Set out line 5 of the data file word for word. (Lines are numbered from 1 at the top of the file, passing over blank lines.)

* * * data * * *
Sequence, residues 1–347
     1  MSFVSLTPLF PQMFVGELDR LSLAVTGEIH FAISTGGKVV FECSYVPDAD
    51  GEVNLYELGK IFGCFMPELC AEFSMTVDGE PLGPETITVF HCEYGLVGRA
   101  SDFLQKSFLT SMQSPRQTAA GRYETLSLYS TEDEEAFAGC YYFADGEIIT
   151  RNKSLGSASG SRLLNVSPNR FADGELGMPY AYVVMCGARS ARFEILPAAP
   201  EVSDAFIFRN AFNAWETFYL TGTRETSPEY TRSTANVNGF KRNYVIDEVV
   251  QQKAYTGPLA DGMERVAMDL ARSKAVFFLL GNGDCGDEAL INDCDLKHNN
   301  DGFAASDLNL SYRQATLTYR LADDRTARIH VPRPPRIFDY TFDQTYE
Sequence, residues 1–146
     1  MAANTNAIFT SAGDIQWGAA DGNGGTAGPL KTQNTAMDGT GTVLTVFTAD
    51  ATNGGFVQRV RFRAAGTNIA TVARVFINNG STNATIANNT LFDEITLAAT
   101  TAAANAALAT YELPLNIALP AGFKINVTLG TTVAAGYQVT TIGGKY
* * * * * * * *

   151  RNKSLGSASG SRLLNVSPNR FADGELGMPY AYVVMCGARS ARFEILPAAP